for final approval by the IASC.
Strategy Working Party is formed to make
recommendations regarding the future structure and
operation of IASC.
1998 IFAC/IASC membership expands to 140 accountancy
bodies in 101 countries.
IASC completes the core standards by approving IAS 39.

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1999 G7 Finance Ministers and IMF urge support for IAS to Use of IFRSs Around the World
“strengthen the international financial architecture”.
IASC Board unanimously approves restructuring into 14-
member board under an independent board of trustees.
Use of IFRSs for Domestic Reporting
By Listed Companies as of 2005
2000 IOSCO recommends that its members allow multinational
issuers to use IASC standards in cross-border offerings Country or IFRSs Not IFRSs Required for Required for
and listings. Region Permitted Permitted Some All Domestic
Domestic Listed
Ad hoc nominating committee is formed, chaired by US
Listed Companies
SEC Chairman Arthur Levitt, to nominate the Trustees
Companies
who will oversee the new IASB structure.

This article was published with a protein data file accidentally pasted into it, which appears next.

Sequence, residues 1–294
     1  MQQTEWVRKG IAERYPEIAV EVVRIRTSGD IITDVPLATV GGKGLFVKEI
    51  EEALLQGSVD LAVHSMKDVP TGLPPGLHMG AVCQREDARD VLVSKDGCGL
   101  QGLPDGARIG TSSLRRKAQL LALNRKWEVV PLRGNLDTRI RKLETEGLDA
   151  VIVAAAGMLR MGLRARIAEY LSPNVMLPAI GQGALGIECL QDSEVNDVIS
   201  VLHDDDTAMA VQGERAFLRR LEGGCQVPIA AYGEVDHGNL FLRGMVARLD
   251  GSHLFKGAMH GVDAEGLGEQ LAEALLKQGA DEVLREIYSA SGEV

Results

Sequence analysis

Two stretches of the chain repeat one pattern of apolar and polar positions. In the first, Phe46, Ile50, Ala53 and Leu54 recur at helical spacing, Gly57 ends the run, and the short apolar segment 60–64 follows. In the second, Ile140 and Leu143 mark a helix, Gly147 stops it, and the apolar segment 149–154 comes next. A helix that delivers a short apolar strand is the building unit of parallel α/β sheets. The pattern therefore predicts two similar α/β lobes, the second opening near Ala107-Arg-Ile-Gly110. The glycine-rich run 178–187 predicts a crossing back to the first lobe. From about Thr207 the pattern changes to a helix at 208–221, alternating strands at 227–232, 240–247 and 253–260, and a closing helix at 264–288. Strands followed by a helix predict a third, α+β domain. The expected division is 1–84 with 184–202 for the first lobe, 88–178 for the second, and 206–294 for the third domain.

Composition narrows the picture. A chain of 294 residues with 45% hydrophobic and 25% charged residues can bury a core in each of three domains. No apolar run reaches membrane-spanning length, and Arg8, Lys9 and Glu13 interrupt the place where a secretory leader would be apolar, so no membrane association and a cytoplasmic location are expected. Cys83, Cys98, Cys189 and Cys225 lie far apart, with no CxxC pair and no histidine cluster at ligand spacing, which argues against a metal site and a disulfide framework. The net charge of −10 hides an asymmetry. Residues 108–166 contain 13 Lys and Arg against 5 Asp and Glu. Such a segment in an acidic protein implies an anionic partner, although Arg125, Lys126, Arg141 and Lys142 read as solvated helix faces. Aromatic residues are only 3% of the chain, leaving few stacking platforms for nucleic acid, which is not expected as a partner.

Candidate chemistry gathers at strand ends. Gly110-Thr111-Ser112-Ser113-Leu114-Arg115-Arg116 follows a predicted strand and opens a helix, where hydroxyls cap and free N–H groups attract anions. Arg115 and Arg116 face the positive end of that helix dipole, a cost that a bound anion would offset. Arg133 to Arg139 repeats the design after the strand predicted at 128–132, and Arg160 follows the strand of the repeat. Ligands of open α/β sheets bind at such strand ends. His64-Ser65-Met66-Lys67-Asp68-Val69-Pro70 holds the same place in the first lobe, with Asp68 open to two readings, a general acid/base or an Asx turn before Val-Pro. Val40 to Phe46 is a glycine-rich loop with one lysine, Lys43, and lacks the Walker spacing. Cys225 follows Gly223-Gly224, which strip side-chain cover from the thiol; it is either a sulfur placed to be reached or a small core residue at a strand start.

Albania No stock exchange. Companies use Albanian GAAP.
IASC member bodies approve IASC’s restructuring and a
Argentina X
new IASC Constitution.
Armenia X
Nominating Committee announces initial Trustees. Aruba X
Trustees name Sir David Tweedie (chairman of the UK Austria X
Accounting Standards Board) as the first Chairman of the Australia X
restructured International Accounting Standards Board.
Bahamas X
2001 Members and new name of IASB announced. IASC Bahrain Banks
Foundation formed. On 1 April 2001, the new IASB Barbados X
assumes its standard-setting responsibilities from the Bangladesh X
IASC. Existing IAS and SIC adopted by IASB. Belgium X X
IASB moves into its new offices at 30 Cannon St., Benin X
London. Bermuda X
IASB meets with chairs of its eight liaison national Bolivia X
accounting standard-setting bodies to begin coordinating Botswana X
agendas and setting out convergence goals. Brazil X
2002 SIC is renamed as the International Financial Reporting Brunei X
Interpretations Committee (IFRIC) with a mandate not Darussalam
only to interpret existing IASs and IFRSs but also to Bulgaria X
provide timely guidance on matters not addressed in an Burkina Faso X
IAS or IFRS. Cambodia X
Europe requires IFRSs for listed companies starting Cayman Is. X